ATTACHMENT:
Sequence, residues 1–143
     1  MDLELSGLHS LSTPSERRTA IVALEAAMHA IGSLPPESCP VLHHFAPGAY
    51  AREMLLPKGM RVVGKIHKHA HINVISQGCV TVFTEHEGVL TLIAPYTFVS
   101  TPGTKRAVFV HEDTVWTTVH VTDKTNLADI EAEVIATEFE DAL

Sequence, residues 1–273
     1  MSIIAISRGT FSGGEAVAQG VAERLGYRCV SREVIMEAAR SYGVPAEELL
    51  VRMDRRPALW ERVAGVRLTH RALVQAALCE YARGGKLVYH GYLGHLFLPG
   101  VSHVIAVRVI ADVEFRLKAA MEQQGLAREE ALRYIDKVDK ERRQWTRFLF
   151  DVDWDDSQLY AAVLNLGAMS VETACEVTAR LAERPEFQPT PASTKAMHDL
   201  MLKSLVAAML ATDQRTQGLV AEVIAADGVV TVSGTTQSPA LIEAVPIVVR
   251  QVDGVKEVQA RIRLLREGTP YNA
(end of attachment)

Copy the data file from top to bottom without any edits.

Sequence, residues 1–143
     1  MDLELSGLHS LSTPSERRTA IVALEAAMHA IGSLPPESCP VLHHFAPGAY
    51  AREMLLPKGM RVVGKIHKHA HINVISQGCV TVFTEHEGVL TLIAPYTFVS
   101  TPGTKRAVFV HEDTVWTTVH VTDKTNLADI EAEVIATEFE DAL

Sequence, residues 1–273
     1  MSIIAISRGT FSGGEAVAQG VAERLGYRCV SREVIMEAAR SYGVPAEELL
    51  VRMDRRPALW ERVAGVRLTH RALVQAALCE YARGGKLVYH GYLGHLFLPG
   101  VSHVIAVRVI ADVEFRLKAA MEQQGLAREE ALRYIDKVDK ERRQWTRFLF
   151  DVDWDDSQLY AAVLNLGAMS VETACEVTAR LAERPEFQPT PASTKAMHDL
   201  MLKSLVAAML ATDQRTQGLV AEVIAADGVV TVSGTTQSPA LIEAVPIVVR
   251  QVDGVKEVQA RIRLLREGTP YNA